Luther Washington, Francine E. Washington, Darlene M.washington, Belinda J. Washington, James J.washington, Michael R. Washington, Anddarryl Washington, Plaintiffs-appellants, v. United States of America, Defendant-appellee, 769 F.2d 1436 (9th Cir. 1985)

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US Court of Appeals for the Ninth Circuit - 769 F.2d 1436 (9th Cir. 1985) Argued and Submitted July 8, 1985. Decided Aug. 30, 1985

Jerome S. Billet, Neiman, Billet, Albala & Levine, Los Angeles, Cal., for plaintiffs-appellants.

Shari K. Silver, Asst. U.S. Atty., Los Angeles, Cal., for defendant-appellee.

Appeal from the United States District Court for the Central District of California.

Before ANDERSON and TANG, Circuit Judges, and SOLOMON,*  District Judge.

SOLOMON, Judge:


Appellants, Luther Washington and his six children, filed this action under the Federal Tort Claims Act against the United States for the wrongful death of Beatrice Washington. The district court held that the action was time barred and dismissed it. The Washingtons appealed.

Facts

In September, 1967, Beatrice Washington was admitted to the Plattsburgh Air Force Base Hospital in New York for delivery of her baby. When Air Force physicians injected her with a spinal anesthetic, she went into a coma, and she remained in a coma until her death fourteen years later. She was at the Plattsburgh Hospital from 1967 until May, 1979, when she was transferred to the March Air Force Base Hospital in California. She died there on June 3, 1981.

In February, 1982, her husband and their six children filed administrative claims with the Air Force, and a year later, the Air Force approved an award of $60,000 for the whole family. On May 25, 1983, the Washingtons filed this action for $20,000,000 damages under the Federal Tort Claims Act for the wrongful death of Beatrice Washington.

The district court found that the action was time barred and dismissed it on a summary judgment motion. It applied New York law, under which a survivor can bring a wrongful death action only if the decedent had a viable personal injury action at the time of her death. The court held that Mrs. Washington did not have a viable personal injury action because her personal injury action expired two years after the date on which she lapsed into a coma.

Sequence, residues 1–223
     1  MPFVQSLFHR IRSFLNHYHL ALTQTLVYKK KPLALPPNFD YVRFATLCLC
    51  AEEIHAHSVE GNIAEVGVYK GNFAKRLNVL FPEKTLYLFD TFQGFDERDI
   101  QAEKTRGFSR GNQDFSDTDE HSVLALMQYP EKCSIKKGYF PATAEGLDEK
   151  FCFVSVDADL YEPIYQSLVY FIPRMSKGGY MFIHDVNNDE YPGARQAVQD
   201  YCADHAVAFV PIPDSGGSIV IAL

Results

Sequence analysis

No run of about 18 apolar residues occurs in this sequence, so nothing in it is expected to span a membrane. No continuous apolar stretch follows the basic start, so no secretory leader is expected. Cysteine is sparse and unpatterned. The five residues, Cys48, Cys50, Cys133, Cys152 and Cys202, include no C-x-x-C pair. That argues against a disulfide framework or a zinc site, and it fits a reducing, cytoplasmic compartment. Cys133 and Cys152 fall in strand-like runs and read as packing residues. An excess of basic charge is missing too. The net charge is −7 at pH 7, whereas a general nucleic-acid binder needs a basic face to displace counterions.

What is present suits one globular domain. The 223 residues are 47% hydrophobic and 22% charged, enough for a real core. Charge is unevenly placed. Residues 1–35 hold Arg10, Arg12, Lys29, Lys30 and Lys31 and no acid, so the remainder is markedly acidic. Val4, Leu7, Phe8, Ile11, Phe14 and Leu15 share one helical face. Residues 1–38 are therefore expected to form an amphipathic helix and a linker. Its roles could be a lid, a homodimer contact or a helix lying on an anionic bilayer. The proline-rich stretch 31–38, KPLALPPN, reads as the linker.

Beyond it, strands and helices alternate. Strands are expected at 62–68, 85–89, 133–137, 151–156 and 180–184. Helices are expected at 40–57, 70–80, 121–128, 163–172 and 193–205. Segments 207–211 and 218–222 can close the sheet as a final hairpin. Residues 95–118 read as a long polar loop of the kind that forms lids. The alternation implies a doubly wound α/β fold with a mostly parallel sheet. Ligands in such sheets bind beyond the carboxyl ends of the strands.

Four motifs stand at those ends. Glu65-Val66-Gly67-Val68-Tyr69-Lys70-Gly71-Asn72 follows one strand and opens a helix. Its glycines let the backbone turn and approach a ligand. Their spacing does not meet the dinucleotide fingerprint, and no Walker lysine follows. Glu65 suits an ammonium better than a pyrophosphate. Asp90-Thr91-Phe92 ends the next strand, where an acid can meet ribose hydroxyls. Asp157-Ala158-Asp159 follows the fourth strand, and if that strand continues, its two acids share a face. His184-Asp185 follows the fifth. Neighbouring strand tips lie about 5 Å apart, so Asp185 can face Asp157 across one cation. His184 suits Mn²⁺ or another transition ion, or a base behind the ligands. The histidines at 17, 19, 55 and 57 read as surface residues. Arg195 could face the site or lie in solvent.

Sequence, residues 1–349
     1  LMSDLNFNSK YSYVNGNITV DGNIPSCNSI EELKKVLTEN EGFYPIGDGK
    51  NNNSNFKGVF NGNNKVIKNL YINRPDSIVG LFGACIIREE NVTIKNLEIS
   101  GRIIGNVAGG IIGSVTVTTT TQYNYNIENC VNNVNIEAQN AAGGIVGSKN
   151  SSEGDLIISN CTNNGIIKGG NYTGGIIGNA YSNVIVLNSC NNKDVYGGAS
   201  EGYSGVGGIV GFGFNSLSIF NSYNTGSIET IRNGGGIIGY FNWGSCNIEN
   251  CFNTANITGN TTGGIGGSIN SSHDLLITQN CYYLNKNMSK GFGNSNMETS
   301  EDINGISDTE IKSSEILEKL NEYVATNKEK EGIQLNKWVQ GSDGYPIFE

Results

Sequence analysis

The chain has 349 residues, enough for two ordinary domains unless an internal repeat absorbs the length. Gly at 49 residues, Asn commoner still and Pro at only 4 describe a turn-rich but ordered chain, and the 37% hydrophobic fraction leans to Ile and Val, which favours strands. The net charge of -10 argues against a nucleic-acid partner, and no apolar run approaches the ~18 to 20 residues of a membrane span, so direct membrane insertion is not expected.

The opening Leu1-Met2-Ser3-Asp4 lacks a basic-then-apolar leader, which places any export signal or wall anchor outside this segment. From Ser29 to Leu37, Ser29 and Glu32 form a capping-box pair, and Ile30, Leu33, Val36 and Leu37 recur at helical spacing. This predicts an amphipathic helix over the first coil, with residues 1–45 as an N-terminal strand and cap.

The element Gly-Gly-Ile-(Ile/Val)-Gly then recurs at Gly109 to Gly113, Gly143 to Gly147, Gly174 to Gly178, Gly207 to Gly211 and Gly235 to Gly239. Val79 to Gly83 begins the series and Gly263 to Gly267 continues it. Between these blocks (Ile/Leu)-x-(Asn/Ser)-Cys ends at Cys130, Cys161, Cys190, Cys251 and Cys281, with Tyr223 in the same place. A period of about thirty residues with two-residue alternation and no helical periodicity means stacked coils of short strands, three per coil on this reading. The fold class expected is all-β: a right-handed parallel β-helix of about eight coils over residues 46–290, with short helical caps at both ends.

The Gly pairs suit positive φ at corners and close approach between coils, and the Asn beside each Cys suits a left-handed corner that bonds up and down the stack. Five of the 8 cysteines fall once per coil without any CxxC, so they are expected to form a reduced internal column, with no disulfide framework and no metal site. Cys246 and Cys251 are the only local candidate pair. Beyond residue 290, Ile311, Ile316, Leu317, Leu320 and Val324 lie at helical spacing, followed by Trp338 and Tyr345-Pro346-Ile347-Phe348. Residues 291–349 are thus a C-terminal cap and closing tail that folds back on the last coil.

On appeal, the Washingtons contend that the district court erred when it applied New York rather than California law to determine if they had a valid wrongful death action. They also contend that, even under New York law, the cause of action was brought within the statute of limitations period because of Mrs. Washington's coma.

The Federal Tort Claims Act (FTCA) provides an action for:

death caused by the negligent or wrongful act or omission of any employee of the Government while acting within the scope of his office or employment, under circumstances where the United States, if a private person, would be liable to the claimant in accordance with the law of the place where the act or omission occurred.

28 U.S.C. § 1346(b). In Richards v. United States, 369 U.S. 1, 82 S. Ct. 585, 7 L. Ed. 2d 492 (1962), the Supreme Court held that in FTCA actions, a federal court must look to the law of the place where the acts of negligence occurred. Id. at 10, 82 S. Ct. at 591. It further held that the "law of the place" required application of the conflict of law rules of that state. Id. at 14, 82 S. Ct. at 593.

Here, the negligence, if any, occurred in New York. Therefore, the conflict of law rules of New York apply. New York uses a "center of gravity" or "grouping of contacts" approach to determine which state's substantive rights govern the action. See Babcock v. Jackson, 12 N.Y.2d 473, 240 N.Y.S.2d 743, 191 N.E.2d 279 (1963).

The Washingtons were residents of New York at the time Mrs. Washington entered the hospital. The alleged negligent acts occurred in New York. The physicians and medical personnel lived and practiced in New York. The physician-patient relationship was formed in New York, and the medical personnel were required to conform to the professional standards of New York. California's only contacts with this action are that Mrs. Washington was brought to California in a coma when her husband was transferred to March Air Force Base, and she died in California.

There is sufficient evidence to find that New York was the "center of gravity" of this action, and we hold that the district court was correct in applying New York law.

Under New York's wrongful death statute, the decedent must have a valid personal injury claim at the time of death for the heirs to maintain a wrongful death action. See N.Y. Est. Powers & Trusts Law Sec. 5-4.1; Prink v. Rockefeller Center, Inc., 48 N.Y.2d 309, 315-16, 422 N.Y.S.2d 911, 398 N.E.2d 517 (1979); Myers v. United States, 162 F. Supp. 913, 914 (N.D.N.Y.1958).

The district court applied the New York wrongful death statute and held that Mrs. Washington's personal injury claim was time barred two years after she lapsed into a coma because her "personal injury claim accrued at the moment she went into a coma as a result of the injection of anesthetic...."

The FTCA provides for a two-year statute of limitations after a claim accrues. 28 U.S.C. § 2401(b). The date on which a claim accrues is determined by federal law. Pittman v. United States, 341 F.2d 739 (9th Cir.), cert. denied, 382 U.S. 941, 86 S. Ct. 394, 15 L. Ed. 2d 351 (1965). The Supreme Court in United States v. Kubrick, 444 U.S. 111, 100 S. Ct. 352, 62 L. Ed. 2d 259 (1979), applied the discovery rule and held that in a medical malpractice case under the FTCA, a claim accrues when the plaintiff knows of his injury and its cause. Id. at 122, 100 S. Ct. at 359. See also In Re Swine Flu Products Liability, Sanborn v. United States, 764 F.2d 637 (9th Cir. 1985).